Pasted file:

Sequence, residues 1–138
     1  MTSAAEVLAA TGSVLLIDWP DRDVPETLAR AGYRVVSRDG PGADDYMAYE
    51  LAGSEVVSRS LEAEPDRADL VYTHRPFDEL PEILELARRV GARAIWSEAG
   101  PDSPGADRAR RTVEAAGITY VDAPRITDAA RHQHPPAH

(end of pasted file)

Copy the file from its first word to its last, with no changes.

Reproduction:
Sequence, residues 1–138
     1  MTSAAEVLAA TGSVLLIDWP DRDVPETLAR AGYRVVSRDG PGADDYMAYE
    51  LAGSEVVSRS LEAEPDRADL VYTHRPFDEL PEILELARRV GARAIWSEAG
   101  PDSPGADRAR RTVEAAGITY VDAPRITDAA RHQHPPAH